Modern Employment Laws and Post Modern Globalization
Convincingly enough, industrial relations and labour laws and/ or regulations have been involved in tussles and crisis that have witnessed the evolution of legal interventions in industrial relations. the modern employment law or rather industrial relations as is otherwise referred to has been a symbiotic one that has evolved with influence from economic integrations, social security, policies and movements, market competition as well as taxation law just to mention a few. for instance the participation of women in the labour force and the civil rights movement in having labour laws that protect them against discriminatory practices in the labour market by the employers and laws against sexual harassment at work place is an evidence of legal intervention in the development of the industrial relations. there are critics who warn of the legal intervention in the industrial relations as it is capable of creating constraints that are unfair to the labour market and unemployment and thus if allowed to go it may never survive the post globalization period/era. they advocate that new strategies must be exploited in an effort to combat any future challenges. (Conaghan et al, 2002 p1)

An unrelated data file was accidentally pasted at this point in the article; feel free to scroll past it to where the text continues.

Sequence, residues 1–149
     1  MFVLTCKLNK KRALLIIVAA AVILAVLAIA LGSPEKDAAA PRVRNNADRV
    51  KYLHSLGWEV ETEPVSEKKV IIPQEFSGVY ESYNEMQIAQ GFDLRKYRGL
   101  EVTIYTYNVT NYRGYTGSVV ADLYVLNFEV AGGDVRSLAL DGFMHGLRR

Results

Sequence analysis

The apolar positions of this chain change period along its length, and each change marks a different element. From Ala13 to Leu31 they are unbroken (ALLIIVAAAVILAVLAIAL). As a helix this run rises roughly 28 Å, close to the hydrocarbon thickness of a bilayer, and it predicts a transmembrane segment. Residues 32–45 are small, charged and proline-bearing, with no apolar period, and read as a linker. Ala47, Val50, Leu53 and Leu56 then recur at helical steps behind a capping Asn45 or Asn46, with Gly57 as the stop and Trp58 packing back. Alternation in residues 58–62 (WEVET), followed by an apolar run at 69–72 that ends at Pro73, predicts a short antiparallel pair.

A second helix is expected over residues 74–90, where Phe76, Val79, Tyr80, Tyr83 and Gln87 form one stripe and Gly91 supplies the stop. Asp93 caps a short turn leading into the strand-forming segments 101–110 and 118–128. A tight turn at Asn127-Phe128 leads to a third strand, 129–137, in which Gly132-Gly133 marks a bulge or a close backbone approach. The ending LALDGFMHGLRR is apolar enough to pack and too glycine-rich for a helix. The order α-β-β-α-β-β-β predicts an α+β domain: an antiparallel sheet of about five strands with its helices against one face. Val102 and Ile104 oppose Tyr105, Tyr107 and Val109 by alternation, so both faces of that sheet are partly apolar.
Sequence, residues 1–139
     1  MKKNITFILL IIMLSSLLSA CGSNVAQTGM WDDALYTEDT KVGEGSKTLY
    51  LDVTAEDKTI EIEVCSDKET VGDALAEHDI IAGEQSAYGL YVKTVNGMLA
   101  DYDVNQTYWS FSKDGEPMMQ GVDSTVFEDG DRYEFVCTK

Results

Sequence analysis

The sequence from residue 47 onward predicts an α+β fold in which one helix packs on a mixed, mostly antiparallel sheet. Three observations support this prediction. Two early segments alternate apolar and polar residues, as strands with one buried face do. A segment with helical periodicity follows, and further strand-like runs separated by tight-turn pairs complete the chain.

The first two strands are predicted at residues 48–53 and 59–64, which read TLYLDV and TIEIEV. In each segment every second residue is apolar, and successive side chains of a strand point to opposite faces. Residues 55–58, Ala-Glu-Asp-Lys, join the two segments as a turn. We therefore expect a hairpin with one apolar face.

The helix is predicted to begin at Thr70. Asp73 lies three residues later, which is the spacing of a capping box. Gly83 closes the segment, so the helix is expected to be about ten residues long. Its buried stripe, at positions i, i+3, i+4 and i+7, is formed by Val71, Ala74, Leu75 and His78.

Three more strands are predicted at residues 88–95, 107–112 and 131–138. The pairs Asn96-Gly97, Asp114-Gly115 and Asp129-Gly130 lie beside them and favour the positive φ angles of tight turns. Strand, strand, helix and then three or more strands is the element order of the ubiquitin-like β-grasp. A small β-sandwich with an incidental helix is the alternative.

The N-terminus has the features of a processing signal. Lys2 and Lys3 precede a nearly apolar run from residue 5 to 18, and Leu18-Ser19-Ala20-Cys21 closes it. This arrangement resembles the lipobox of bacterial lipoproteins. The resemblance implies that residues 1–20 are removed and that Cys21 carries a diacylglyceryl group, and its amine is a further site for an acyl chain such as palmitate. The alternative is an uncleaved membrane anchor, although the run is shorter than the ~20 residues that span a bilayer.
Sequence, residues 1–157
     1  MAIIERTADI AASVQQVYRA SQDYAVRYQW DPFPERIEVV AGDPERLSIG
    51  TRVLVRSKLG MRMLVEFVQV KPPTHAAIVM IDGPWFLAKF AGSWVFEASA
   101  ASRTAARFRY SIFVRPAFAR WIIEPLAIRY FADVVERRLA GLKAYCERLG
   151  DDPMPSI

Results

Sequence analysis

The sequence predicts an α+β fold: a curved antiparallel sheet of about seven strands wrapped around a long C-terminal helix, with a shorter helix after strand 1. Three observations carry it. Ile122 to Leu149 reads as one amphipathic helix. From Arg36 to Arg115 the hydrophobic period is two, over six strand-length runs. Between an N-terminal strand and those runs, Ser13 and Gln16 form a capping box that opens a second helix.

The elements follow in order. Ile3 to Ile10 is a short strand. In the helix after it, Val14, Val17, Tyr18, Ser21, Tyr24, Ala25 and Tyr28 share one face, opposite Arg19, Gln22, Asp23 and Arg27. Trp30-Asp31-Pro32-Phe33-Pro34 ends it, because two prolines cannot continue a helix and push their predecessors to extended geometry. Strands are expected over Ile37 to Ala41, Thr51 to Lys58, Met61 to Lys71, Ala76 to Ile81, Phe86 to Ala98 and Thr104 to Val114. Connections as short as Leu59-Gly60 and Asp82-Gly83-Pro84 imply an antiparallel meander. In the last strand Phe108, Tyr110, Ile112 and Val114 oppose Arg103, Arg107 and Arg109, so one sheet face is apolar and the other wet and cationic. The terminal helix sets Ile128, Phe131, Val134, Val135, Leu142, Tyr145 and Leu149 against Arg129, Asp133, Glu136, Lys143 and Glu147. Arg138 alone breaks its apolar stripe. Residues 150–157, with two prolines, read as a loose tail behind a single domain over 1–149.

One of the principles labour law was set out to achieve was to the dependent relationship between the employer and the employee in the industrial relations although this degree of subordination was not so foreign as was provided for by common law though the definition under the labour law was/ is different. in common law, the degree of control, integration and economic reality are tested to determine the employee status in the employment relation whilst in labour laws, employer-employee relation dependent relationship is viewed from the confidence and trust bestowed upon the employee and the prerogative orders of the employer, employees protection against harm while at work by the employer, (it has evolved to what is now referred to as the occupational safety and health at work place laws), protection against economic risks as well as remedies for it for instance, payment while on leave (sick leave, maternity leave just to mention a few). dismissal and/ or employment termination procedures and severance payment package are also features of the economic risks. thus it can be concluded that this modern law concept has covered the interdisciplinary relationships of labour with the social security law and taxation law. the evolution of this relationship undoubtedly was one dogged with a lot of controversies since most of the employees at the industrialization period were on wages and there existed not contract of employment (employees were referred to as labourers and servants and the legislation at the time only stipulated that they be treated with care) as well as capitalism as a form of economy. the predominant legislation during the industrial revolution in Britain was the Artificers statute which contained non-competitive laws such as fixing of wages and apprenticeship regulations. the controversies did not end with this statute but also the treatment of breach of service which was declared by the Master and Servant Act as a criminal offense which resulted in numerous servants being jailed every year or imprisoned and only clerical, managerial and professional workers were protected by the courts by invoking an implied contract of employment in deciding instances of dismissal and wages due.(Deakins & Njoya)
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